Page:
I don't ever struggle with thinking what does something happen? It's just kind of one of the things that I like to do. I know it's kind of is can be boring and sometimes I don't know people like that. But now remember we're using Chai not as fun or Mocha or whatever it is so there is a before function we'll do an async function.

And we'll go hero equals true create hero of course await that there we go so before any of the test run will always have at least one hero ready. So perhaps I don't want state to persist so I can always call my own create hero or we have the one that will run for the test, creating and deploying and communicating with the network does take time.

So if you have a test that ends up having like 1000 calls, this thing will take 6070 seconds to complete. So reducing the amount of calls you make, always a good plan. Since we don't have any state we really need to keep track of our test right now.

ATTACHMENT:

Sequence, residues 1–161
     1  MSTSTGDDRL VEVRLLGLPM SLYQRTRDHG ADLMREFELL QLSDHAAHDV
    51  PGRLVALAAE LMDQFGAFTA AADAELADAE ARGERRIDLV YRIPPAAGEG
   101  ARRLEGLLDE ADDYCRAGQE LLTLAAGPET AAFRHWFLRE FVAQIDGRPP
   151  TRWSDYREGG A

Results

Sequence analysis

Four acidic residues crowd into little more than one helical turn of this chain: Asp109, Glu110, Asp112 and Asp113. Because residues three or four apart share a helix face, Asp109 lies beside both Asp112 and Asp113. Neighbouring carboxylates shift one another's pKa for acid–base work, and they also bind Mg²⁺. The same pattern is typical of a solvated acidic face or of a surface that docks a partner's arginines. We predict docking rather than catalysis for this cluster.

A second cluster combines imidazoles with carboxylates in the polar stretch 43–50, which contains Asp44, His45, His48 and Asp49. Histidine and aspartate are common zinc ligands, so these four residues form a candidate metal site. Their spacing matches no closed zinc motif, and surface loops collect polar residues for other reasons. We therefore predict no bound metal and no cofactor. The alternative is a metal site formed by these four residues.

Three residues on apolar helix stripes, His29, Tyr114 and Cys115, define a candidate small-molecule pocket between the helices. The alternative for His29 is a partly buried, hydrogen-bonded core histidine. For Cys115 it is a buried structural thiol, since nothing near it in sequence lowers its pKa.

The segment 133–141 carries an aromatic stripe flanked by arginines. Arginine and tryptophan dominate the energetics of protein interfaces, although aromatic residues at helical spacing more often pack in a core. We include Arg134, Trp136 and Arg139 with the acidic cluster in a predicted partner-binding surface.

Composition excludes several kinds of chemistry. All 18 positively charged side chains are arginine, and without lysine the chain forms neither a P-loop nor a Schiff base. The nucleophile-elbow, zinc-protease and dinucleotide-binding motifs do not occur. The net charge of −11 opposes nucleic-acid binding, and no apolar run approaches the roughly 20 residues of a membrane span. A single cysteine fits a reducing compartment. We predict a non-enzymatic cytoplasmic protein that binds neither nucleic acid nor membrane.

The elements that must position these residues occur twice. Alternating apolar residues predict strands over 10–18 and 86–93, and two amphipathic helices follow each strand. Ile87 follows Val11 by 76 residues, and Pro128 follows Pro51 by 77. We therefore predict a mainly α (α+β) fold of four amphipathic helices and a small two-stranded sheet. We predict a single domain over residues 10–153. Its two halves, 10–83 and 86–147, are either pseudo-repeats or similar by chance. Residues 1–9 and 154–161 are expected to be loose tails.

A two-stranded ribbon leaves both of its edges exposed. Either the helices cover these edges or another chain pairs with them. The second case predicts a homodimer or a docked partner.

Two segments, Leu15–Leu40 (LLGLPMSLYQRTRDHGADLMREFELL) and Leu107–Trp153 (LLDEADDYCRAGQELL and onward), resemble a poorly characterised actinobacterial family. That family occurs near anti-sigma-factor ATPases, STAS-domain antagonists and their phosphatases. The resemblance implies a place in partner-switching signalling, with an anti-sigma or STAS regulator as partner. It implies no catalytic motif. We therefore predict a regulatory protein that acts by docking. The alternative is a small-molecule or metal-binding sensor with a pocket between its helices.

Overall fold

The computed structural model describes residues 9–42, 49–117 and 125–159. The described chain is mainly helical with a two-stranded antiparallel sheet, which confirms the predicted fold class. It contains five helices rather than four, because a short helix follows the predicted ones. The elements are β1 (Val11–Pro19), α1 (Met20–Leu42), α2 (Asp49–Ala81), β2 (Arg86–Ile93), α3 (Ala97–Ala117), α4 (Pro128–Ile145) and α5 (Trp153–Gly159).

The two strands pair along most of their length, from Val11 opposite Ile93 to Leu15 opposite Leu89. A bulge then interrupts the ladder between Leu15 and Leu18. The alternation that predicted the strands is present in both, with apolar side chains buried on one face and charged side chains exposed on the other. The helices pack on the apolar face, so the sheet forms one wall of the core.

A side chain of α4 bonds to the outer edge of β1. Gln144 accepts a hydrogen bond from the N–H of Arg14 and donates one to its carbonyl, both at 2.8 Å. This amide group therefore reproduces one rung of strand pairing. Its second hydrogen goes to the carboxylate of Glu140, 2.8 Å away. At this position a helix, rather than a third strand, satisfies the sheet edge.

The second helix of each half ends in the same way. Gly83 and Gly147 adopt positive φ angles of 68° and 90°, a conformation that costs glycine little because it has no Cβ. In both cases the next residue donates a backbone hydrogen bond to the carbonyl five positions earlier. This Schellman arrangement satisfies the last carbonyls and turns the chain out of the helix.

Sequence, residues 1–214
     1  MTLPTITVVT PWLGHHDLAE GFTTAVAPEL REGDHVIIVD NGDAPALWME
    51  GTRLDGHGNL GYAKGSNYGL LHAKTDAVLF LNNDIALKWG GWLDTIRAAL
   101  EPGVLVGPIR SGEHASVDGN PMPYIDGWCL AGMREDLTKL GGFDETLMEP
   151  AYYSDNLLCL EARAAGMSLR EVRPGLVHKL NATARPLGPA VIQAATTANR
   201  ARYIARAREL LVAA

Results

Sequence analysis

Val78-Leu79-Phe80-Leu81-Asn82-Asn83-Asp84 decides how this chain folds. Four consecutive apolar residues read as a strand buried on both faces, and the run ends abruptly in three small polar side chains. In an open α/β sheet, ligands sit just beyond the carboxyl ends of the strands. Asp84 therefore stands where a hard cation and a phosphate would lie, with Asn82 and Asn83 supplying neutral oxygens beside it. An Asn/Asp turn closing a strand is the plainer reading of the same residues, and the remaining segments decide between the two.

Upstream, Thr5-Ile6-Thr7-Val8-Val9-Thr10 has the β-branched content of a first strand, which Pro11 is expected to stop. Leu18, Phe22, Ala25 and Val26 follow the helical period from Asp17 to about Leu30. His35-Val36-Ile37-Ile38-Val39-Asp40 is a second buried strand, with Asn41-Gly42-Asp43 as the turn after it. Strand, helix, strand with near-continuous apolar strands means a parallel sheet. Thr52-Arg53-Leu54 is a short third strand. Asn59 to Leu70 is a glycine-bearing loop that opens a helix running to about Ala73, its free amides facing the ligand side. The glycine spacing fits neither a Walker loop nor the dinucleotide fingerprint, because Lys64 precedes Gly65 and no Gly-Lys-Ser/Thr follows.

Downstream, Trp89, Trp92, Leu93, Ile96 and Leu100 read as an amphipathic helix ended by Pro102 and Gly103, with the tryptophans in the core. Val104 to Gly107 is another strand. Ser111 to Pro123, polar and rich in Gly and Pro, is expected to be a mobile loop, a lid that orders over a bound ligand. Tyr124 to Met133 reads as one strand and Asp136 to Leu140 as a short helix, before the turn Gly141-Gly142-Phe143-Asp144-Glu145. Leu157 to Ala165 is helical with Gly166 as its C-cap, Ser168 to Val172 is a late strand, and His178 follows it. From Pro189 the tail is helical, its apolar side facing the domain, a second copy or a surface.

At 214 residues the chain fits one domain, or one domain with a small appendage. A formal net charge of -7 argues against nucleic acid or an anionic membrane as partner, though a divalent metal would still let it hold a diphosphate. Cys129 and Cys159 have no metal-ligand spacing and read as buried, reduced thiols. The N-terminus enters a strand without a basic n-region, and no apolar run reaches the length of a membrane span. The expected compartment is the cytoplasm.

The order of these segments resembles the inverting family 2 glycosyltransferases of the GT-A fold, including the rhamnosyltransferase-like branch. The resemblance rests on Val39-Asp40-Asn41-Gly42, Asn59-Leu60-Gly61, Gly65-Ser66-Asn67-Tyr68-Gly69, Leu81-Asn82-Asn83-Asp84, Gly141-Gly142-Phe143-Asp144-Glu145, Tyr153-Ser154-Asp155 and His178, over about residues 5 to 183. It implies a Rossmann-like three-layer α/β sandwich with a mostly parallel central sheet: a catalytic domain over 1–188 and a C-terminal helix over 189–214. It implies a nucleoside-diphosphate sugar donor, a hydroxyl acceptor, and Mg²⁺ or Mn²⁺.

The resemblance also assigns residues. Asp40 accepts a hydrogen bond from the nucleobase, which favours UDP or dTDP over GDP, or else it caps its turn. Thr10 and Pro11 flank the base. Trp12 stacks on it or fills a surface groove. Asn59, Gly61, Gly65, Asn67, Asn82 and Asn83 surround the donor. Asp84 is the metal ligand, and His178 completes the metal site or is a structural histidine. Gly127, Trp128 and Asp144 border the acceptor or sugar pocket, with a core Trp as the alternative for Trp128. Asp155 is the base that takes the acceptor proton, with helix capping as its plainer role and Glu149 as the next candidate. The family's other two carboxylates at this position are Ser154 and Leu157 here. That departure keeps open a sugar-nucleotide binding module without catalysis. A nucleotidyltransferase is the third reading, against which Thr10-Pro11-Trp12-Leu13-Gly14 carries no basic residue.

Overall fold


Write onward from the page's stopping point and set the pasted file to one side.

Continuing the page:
I'm just not gonna worry about so I'm gonna go like this ,let's see should fail at creating hero cause of payment. Yeah, you can call whatever you want to do async function, you can even use an arrow function in there, I will only judge you slightly. So there we go.

We have this and now we need to call the Create hero function and have it fail. So what I'm gonna do is I'm going to do this you can do it how you want to do it I forget how to test Chi stuff, where you can catch errors and all that I know Jess has a much better version of said errors.

But we'll just do this e equals error and then I'm gonna go expect e dot m Massage, let's see two No wait, wait, wait, includes some phrase to equal true. I wanna just make sure that I see our proper phrase, I'm gonna jump back to my contract and I'm going to yank out that beautiful phrase please send me money.

And then I'm in jump back in here and go to the double quotes and paste that in awesome. There we go expects this to happen. Now I just realized I haven't included expect someone to go up to the top do expect shy there we go we're looking good and so now all we need to do is actually do the hero function creation.